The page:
and then here if you want the part where everything went nutball shaped as we got inside for the meeting…

and here is a blog from a new friend of ours perspective – a man who drove over an hour to be part of the protest despite himself and personal fear and trepidation…

i managed to find Paul’s second letter, which he gave me a copy of when i went to visit the homeless community on sunday with val and some friends from SA who are visiting to join them for a quaker type service – it has been published in a few online newspapers and i got this copy from here. when we arrived at their base, they had been issued an eviction notice and had to leave by yesterday 11am:

Paul Klemmer, a homeless carpenter — and, it’s turned out, eloquent scribe — has written his second open letter detailing the plight and desires of the group of homeless individuals who left Occupy Philly at Dilworth Plaza to seek safe accommodation and who’ve been camped below an I-95 overpass for nearly a week. (Read his first letter here)

The camp has been issued notice by PennDOT, which owns the area beneath I-95, to leave by 11 AM tomorrow morning. The group does plan to leave — but where they will go, or when, remains to be seen.

Klemmer’s letter outlines two options that several people beneath the bridge shared with CP toady: seek temporary shelter inside or outside a church that would agree to host them; or, disappear: and drop beneath the radar of law enforcement officials who’ve chased them now from three homes.

Here, in its entirety, is Klemmer’s most recent letter:

Today we face two closely-related crises. The first very immediate need is that of the 20 or so individuals that trusted the Occupy Movement and Interfaith Community to rescue them from the consequences of the Occupation of City Hall and impending renovation there.

The second crisis, an ongoing one, no less immediate because of the season, is the people of Philadelphia’s, and America’s, willingness to allow armed men and women to prevent the poor from working together to increase their fortune.

With a nail gun, even a butane-powered one, and some battery-powered tools, I and the skilled carpenters in the camp could create, from recycled materials and donated fasteners, structures like those at Christmas Village, easily disassembled and transported, to see us through the winter.

What’s more difficult to create is a sharing, loving community with those who the System has habitually fractured and fragmented. We’ve come a long way in a short time and formed the core of such a community of shared involvement and responsibility. We’ve been conditioned by being forced to exist alone, to grab all we can before someone else does, this alienation suiting the purposes of a status quo which would keep us invisible and blame us for our own misfortunes.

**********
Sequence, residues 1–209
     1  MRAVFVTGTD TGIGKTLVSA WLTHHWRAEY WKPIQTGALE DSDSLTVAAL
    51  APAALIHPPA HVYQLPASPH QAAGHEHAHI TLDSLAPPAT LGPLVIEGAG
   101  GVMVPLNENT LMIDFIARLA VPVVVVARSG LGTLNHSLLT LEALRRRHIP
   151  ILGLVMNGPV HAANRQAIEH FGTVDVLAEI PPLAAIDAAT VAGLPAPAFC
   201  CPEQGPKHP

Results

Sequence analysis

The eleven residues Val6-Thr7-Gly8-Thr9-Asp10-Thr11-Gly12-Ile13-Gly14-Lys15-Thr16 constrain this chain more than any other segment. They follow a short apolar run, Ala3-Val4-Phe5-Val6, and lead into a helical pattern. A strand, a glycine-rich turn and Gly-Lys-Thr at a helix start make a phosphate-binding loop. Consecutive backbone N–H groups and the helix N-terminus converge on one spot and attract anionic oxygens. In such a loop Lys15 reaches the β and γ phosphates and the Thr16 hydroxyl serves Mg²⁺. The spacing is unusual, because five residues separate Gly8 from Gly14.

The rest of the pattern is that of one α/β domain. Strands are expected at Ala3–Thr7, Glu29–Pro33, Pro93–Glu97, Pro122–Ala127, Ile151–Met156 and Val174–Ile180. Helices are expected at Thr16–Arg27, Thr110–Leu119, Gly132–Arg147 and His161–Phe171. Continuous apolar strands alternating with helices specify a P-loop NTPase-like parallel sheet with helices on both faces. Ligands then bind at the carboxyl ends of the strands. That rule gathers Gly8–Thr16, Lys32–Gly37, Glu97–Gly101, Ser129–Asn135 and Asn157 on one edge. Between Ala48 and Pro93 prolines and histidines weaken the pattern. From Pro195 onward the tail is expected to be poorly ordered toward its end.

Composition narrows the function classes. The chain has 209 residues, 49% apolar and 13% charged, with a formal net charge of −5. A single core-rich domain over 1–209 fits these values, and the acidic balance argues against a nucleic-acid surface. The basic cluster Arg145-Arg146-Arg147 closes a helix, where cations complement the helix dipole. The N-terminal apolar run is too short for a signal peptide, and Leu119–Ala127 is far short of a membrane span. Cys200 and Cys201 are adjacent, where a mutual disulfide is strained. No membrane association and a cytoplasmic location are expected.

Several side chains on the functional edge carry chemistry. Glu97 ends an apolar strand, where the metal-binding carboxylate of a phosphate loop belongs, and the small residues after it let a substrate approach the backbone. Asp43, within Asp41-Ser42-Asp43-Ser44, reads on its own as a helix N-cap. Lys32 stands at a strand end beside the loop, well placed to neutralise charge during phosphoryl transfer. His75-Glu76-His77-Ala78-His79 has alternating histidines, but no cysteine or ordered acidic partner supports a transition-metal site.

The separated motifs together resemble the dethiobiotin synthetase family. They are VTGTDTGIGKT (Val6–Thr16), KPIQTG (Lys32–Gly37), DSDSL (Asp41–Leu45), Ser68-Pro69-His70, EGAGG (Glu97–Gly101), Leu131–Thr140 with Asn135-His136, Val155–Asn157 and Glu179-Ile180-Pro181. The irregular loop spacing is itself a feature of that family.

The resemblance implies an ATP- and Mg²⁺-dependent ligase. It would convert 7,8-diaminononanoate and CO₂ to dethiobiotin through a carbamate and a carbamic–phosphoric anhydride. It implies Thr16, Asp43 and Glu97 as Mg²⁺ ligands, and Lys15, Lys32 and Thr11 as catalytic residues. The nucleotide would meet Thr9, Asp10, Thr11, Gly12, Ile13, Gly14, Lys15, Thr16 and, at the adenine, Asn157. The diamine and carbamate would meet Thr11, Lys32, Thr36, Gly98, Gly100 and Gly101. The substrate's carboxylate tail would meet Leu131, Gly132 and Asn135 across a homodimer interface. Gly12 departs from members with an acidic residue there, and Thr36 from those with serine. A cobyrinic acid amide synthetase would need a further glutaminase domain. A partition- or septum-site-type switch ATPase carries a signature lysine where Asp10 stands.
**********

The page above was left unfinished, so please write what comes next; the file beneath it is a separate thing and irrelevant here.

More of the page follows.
If we find a place to move from here, we need to immediately structure the receiving and distribution of donations in an equitable fashion and create, with guidance from the Interfaith Community, a minimal list of expectations and obligations agreed to by those who would join our community and work toward building solutions, not only for our group, but at least as an example, for all the needy.

It’s been suggested that the churches of the Interfaith Community might provide temporary sanctuary for our small tent community, providing a launching pad for other, longer-term solutions such as acquiring abandoned indoor or outdoor space through legal channels, disappearing into safer spaces ofr bouncing from church yard to church yard, doing clean up and repairs in the community, inviting community involvement and integrating the homeless within these communities. But by tomorrow, Monday, we need a place to regroup or just crawl back under the rocks we crawled out from, disappointed that the hot air generated by Occupy was insufficient to keep us warm through the coming snows.

two nights ago val got a call from a guy from a local church who told her that some homeless people [who had been evicted along with the ‘Occupy Philly’ people this week] had moved under a nearby bridge and would we the Simple Way be wanting to do anything about it – i chatted to him and got the details and told him i would try go that evening…

something more prioritised came up that evening and i wasn’t able to go, but first thing the next morning Val and i drove to go and find them and i went in to go and assess the situation and see what was happening…

and i met Paul.

Paul chatted to me for maybe half an hour to an hour [while my beautiful wife Val waited patiently in the car, not wanting to interrupt the man moment – she was originally going to go shop while i chatted but decided to wait which was cool] and it was just the raddest time. starting off by saying they didn’t really need anything [a mind blow for me with homeless people with my general experience back home] but that they had most of their needs met [there were about twenty tents under the bridge and they had access to running water in a nearby laundromat that didn’t lock up and people keep on coming by and supplying food and more] but at the end i was able to offer some bedrolls and jackets which the Simple Way has had donated and i took them through last nite.

Paul handed me this letter which he had written and was hoping to have posted in a local newspaper [i found it online fortunately so didn’t have to write it again so it definitely got posted somewhere] and gave me permission to share it with you and i think it is just excellent and felt so privileged to have spent time with him and Joe who i met last nite and Val and i are hopefully going back tomorrow to join them for a Quaker type service: